The Norbottenspets is a breed of dog of the spitz type. It is an ancient breeds whose original purpose was a farm and hunting dog but has recently became more popular as a companion dog. The Norrbottenspets is used to hunt black grouse, capercaillie and hazel grouse, but is also effective with small fur-bearing animals all the way up to moose and grizzly bear.


The Norrbottenspets should be a light spitz dog, yet powerful in appearance. There should be lightness and power reflected in the dog. Males are noticeably more masculine than females, who are smaller and of lighter build. It should give the impression of being alert, spritely, and intelligent. In proportions the Norrbottenspets is slightly taller than long - fit for the original use as a hunter. The tail should curl over the back and rest on the hips.

The Norrbottenspets is a physical mixture of endurance, speed, and strength. The ribcage has elements of both speed and strength. Viewed from the front the ribcage is oval and relatively deep, half from height. The ribcage is also relatively long with well developed last ribs. The arched neck, distinguishable withers and slightly slanting croup makes the lines of the body very speedy. The underline has only a slight tuck up, which with the long ribcage reflects endurance.

Viewing the legs one can see both elements of speed and endurance. The relatively slanting shoulder blades, long upper arms and strong back angulations reflect endurance. The upper thigh forms a nearly 90 degree angle with the pelvis. Small, tight paws belong to an endurance trotter, but relatively long hocks add to the speed in gallop, especially in the start.

Although rare, bobtails do occur naturally, as in the Finnish Spitz and Karelian Bear Dog. This is an automatic disqualification for the showring for the Finnish Spitz and the Norrbottenspets, but not the Karelian. The hunting dog does not need a tail to be very efficient.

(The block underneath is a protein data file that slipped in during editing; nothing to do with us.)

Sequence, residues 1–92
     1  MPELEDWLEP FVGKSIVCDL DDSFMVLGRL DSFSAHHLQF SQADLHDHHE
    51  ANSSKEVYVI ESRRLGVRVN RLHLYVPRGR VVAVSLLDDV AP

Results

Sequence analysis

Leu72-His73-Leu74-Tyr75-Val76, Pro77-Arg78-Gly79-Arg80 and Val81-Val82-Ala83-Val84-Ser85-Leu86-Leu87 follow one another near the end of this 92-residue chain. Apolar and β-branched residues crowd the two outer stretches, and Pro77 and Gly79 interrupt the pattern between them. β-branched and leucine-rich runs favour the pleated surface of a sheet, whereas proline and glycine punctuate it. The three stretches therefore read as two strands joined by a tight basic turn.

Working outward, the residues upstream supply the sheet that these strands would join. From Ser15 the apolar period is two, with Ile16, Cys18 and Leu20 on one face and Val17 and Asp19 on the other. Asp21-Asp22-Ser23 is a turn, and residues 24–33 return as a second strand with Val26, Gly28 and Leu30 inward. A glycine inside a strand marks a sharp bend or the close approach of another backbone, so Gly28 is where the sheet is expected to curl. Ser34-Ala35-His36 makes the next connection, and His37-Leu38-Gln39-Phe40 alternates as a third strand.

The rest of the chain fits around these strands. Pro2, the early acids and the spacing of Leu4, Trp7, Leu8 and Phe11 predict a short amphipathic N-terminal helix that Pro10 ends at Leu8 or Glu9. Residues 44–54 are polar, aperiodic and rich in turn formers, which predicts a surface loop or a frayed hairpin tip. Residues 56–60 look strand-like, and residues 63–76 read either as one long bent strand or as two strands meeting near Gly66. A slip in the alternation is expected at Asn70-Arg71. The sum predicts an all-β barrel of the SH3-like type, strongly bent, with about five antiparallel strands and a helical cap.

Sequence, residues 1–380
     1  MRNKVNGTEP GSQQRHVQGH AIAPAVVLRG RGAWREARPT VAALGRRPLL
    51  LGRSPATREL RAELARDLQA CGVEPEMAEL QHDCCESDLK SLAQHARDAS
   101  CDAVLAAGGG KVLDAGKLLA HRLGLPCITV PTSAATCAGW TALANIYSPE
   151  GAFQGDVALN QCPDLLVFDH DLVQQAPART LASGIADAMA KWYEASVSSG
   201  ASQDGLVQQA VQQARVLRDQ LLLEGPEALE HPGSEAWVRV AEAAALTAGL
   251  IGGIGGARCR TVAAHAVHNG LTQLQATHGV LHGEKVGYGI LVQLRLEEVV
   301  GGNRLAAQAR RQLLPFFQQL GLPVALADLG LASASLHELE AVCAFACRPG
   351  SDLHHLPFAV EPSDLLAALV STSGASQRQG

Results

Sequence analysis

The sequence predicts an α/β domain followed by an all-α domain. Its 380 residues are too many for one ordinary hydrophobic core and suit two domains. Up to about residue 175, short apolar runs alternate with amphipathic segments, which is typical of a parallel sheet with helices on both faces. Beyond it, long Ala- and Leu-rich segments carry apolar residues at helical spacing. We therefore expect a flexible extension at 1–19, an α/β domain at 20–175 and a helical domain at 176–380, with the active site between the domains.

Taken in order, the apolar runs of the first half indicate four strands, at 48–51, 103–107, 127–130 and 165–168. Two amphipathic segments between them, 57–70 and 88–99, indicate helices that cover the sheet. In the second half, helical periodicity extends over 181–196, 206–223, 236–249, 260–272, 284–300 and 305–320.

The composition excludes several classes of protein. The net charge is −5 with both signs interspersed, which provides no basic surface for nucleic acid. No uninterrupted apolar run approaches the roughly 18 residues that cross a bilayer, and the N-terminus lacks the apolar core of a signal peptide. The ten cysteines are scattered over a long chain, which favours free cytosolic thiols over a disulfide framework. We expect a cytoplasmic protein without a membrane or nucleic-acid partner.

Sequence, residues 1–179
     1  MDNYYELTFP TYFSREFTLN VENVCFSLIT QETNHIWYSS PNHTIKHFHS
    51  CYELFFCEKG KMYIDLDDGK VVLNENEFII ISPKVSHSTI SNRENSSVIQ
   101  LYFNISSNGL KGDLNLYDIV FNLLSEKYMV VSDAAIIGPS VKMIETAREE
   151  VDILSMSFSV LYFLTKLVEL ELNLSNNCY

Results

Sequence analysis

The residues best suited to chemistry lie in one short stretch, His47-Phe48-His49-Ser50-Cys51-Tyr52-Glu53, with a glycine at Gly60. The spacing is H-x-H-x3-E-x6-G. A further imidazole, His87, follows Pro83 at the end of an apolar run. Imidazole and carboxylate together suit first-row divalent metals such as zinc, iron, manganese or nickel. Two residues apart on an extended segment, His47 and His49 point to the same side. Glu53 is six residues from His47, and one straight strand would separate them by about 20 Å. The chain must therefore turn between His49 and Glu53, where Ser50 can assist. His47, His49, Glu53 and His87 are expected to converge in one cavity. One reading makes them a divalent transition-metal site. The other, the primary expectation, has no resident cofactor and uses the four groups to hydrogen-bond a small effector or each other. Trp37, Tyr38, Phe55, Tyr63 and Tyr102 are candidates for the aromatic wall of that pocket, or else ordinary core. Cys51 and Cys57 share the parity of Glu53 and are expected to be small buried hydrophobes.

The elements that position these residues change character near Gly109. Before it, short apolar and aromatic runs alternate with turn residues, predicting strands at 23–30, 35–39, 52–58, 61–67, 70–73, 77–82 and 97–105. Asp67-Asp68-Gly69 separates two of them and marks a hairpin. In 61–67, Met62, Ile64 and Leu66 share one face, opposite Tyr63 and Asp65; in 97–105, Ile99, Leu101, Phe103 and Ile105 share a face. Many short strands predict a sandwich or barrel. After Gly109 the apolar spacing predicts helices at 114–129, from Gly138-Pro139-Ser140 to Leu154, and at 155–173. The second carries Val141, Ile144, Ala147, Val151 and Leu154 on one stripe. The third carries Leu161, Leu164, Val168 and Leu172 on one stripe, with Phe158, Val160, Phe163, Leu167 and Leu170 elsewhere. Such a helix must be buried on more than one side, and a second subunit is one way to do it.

Coat and colour

The coat is hard, straight, dense, and lies close to the body. It must always have a double coat (although after a coat loss, the undercoat can be rather sparse), and the under-coat is softer than the outer-coat. The ground color is white, with yellowish red or reddish brown markings. Also, markings of other colors are permitted. The ideal amount of white varies from 30% to nearly 100%, but in extreme cases it should have color at least on the ears and a small spot near the base of the tail. The more colored dogs must have a broken saddle(white crossing completely over the shoulders) with the white clearly dominant. Symmetry is not essential in facial coloring, nor is any pattern more correct than another. White on both ears, however, is highly correlated with deafness and is not desirable. Ticking(small spots of 0.25-1.0cm) is allowed, as is a dark face. There is a gene that is dominant that leads to the dark colored mask on the face. Often, the mask is accompanied by dark tipping of the guard hairs. For a show dog, symmetrical color can be preferred, but structure and the original purpose are always the most important.